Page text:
All The Way

by Charles Williams



I was talking sailfish with some man from Ohio when I noticed her. I’d just lit a cigarette and had turned to drop the lighter back in the pocket of the terry-cloth robe beside me. She was off to the right and a little behind us, sitting cross-legged on a large beach towel with her face lowered slightly over the book spread open between her knees. At the moment she registered merely as a pair of nice legs and a sleek dark head, but after I’d looked away something about her began to bother me.

“I thought I’d go nuts,” the Ohio man was saying. “This damn sail must have trailed us a hundred yards. He’d come up behind the bait and follow it like a kitten after a ball of yarn—”

“They’ll do that sometimes,” I said. “Did the skipper try slowing down, and speeding up?”

“Sure. Tried everything. But we never could coax a strike out of him. Finally went down.”

I frowned, thinking of the girl, and turned to shoot another glance at her. Somehow she seemed vaguely familiar, but that still wasn’t it exactly. What the devil was it? Then I began to catch on. The pose was phony. She wasn’t reading that book; she was listening.

To us? That didn’t make sense. What woman would waste her time eavesdropping on a pair of filberts second-guessing a sailfish? But there it was. There were a few sunbathers sprawled around in the vicinity, but ours was the only conversation near enough to be heard. Maybe I was mistaken—No. There was no doubt of it. The little frown of concentration on her face wasn’t directed at the book at all, but towards a spot just to the left of it, towards us. And her eyes didn’t move when she turned a page.

Well, maybe she was a screwball, or a fisherman herself. But she didn’t appear to fit either category—if they were two categories. I tried to tag her, and the only thing I could come up with was clothes-horse, which was a little on the bizarre side in view of the fact she was about seventy per cent naked at the time. I wondered how a woman could look smart, patrician, and faintly elegant while wearing a bathing suit, and decided it must be the chignon and the beautifully tapered hands.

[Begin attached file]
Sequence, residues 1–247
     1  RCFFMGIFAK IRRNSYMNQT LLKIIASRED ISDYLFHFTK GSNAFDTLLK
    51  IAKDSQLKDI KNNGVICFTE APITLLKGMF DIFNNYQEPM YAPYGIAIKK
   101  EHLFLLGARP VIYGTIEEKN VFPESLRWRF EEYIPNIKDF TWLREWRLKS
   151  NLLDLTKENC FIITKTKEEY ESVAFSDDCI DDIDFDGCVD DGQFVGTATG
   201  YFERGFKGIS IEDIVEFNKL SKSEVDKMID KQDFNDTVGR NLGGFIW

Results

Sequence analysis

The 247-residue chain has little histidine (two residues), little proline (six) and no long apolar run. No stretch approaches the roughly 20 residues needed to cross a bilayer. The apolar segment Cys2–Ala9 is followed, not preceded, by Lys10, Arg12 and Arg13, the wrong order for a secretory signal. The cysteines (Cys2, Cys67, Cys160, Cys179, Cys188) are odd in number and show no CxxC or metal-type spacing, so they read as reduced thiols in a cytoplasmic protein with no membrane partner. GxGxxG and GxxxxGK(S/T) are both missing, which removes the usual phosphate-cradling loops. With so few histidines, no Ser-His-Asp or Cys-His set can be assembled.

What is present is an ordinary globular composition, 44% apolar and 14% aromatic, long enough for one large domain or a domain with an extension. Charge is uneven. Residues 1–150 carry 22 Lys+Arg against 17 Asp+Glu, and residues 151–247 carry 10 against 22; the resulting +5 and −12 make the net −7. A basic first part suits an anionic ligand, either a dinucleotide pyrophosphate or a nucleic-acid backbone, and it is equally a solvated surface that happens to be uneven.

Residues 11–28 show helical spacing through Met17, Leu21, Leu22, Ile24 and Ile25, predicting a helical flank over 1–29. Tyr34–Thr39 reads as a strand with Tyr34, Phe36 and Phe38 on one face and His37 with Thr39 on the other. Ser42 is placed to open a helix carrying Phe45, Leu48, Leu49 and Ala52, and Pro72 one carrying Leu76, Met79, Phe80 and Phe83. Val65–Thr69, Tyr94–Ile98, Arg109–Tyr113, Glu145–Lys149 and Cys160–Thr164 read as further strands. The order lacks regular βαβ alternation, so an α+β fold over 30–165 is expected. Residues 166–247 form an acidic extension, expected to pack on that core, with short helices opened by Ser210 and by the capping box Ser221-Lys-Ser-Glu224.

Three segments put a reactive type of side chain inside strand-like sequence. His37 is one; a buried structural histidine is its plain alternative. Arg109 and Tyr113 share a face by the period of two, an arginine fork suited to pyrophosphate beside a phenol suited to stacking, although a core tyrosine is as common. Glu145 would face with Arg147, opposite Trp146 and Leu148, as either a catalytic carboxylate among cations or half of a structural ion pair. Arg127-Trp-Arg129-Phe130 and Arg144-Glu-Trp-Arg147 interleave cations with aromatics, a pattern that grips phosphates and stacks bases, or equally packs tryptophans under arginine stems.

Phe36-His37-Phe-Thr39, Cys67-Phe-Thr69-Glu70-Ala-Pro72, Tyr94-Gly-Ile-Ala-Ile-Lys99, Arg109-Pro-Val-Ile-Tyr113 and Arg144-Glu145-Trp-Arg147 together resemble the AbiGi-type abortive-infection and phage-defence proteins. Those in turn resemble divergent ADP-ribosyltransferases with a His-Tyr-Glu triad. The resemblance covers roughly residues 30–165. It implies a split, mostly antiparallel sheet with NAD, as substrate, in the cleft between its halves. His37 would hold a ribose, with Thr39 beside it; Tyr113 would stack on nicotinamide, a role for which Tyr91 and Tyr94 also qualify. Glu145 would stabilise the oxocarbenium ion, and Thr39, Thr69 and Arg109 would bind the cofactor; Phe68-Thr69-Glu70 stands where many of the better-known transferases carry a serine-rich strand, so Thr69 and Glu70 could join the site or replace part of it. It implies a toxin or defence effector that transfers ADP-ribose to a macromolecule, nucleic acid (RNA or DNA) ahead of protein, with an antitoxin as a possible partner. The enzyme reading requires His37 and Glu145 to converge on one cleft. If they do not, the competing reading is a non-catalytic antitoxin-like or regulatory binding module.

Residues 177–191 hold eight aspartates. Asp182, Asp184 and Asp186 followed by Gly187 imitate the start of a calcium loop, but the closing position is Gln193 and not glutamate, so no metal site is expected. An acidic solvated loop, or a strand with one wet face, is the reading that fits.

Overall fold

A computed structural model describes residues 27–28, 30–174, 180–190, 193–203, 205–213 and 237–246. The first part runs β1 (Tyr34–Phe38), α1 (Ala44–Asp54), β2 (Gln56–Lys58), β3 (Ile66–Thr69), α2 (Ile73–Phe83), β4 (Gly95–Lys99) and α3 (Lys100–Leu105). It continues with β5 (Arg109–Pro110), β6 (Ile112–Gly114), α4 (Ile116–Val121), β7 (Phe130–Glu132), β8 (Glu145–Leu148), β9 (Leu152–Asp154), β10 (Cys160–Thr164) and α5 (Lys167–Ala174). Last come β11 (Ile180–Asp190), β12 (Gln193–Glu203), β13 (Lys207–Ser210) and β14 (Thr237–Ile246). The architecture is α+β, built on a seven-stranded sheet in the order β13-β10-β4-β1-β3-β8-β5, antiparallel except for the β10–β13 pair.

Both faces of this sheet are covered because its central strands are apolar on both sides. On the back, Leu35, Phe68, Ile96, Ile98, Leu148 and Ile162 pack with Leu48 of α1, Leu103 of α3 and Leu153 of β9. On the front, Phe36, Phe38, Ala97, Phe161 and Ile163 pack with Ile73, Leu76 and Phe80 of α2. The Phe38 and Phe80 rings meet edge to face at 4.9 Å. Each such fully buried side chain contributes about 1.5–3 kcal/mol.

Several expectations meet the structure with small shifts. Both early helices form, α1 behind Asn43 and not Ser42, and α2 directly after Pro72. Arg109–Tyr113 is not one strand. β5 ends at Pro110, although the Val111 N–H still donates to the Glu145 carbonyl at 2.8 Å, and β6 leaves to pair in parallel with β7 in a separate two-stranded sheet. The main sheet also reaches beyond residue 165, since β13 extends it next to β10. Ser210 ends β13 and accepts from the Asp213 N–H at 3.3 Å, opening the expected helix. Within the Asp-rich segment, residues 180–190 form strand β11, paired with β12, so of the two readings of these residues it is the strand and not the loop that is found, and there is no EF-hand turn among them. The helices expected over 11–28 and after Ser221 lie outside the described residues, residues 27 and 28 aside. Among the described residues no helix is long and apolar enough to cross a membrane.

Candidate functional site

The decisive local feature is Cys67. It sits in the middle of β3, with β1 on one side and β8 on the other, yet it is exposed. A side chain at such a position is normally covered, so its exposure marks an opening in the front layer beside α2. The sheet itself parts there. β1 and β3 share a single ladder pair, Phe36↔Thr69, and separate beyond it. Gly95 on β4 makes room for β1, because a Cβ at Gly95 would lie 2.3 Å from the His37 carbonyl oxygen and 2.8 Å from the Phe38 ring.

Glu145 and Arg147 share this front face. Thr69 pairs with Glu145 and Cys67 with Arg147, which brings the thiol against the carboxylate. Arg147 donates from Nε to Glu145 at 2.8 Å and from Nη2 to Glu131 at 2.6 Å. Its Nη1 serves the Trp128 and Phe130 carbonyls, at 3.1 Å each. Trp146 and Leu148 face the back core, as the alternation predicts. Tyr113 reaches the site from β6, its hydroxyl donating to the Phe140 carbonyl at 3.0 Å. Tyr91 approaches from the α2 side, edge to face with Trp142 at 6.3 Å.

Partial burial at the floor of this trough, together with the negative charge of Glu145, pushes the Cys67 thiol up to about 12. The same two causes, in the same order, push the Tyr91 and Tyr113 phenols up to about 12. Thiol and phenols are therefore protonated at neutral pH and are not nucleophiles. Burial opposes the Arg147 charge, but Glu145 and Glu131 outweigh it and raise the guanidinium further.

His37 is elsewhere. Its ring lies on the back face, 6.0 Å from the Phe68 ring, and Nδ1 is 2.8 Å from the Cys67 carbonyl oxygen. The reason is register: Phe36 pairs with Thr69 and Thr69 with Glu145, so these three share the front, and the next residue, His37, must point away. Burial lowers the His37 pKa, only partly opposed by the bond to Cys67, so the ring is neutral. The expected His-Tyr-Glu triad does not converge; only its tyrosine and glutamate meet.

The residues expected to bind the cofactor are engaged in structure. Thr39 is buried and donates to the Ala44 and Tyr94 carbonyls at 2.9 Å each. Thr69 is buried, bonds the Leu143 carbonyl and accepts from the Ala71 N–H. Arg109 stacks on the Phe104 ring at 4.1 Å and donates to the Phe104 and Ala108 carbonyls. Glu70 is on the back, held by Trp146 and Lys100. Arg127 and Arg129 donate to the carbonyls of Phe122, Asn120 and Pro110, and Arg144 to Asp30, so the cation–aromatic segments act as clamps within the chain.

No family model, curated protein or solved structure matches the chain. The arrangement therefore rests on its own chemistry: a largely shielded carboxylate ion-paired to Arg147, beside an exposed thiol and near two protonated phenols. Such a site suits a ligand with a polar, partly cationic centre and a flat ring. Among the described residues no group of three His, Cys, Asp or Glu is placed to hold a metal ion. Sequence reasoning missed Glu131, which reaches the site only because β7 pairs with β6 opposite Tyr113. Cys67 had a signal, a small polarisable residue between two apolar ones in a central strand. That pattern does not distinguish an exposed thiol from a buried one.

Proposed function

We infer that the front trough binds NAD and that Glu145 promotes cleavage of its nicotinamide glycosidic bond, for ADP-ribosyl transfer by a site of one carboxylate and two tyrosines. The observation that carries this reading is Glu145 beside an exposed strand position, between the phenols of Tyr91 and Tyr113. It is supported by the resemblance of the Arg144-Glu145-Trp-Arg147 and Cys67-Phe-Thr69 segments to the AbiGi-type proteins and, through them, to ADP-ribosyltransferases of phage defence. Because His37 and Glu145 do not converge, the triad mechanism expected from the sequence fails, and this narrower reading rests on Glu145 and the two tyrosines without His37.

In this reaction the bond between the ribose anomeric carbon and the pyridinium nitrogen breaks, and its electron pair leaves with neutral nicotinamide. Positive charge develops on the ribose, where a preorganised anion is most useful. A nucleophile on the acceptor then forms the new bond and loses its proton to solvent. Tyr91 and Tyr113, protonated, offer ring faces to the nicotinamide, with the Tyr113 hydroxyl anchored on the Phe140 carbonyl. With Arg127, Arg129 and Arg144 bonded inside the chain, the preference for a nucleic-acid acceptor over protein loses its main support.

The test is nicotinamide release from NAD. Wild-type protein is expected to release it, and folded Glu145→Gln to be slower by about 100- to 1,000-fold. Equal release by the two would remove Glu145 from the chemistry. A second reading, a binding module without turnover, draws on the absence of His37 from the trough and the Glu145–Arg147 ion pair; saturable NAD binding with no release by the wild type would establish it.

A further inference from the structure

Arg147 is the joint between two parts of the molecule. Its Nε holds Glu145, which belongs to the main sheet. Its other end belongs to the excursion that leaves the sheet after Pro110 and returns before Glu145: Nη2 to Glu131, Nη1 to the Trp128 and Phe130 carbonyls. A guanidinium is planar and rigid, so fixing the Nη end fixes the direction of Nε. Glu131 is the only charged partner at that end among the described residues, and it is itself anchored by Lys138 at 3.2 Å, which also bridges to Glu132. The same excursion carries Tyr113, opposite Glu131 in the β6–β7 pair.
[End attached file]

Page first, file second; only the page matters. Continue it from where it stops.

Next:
Or the sun, I thought, or the two Martinis. Knock it off. I shrugged, and went back to the conversation. “You going out again tomorrow?” I asked the Ohio man.

It was a still and muggy afternoon in early November. The place was Key West, and we were lying on the narrow strip of sand in front of the private beach club to which I’d been given a guest card by the motel where I was staying.

“No,” he said. “My wife wants to go over to Havana. We’re taking the plane in the morning. How about you?”

“I don’t know,” I said. “I was hoping to find somebody to split a charter with.”

“I know what you mean,” he replied. “It’s a shame to have to charter the whole boat when you’re alone. Damned expensive, and they fish two lines or four just as easy as one.”

I glanced round at the girl, and a slight movement of her face told me I’d almost caught her looking at me. I was conscious again of the impression I’d seen her before. But where? I’d been so many places the past two weeks they were hard to sort out. It couldn’t have been here. This was only the third day I’d been in Key West, and the other two I’d spent out in the Stream, fishing. Miami Beach? Chicago? Las Vegas?

Maybe if I saw her with her clothes on, it would help. I tried a tailored suit, and one of the new sheath things, and then some hand-knitted jersey, but got no make. Slacks? She wouldn’t be caught dead in them, I decided; women who could wear slacks never did.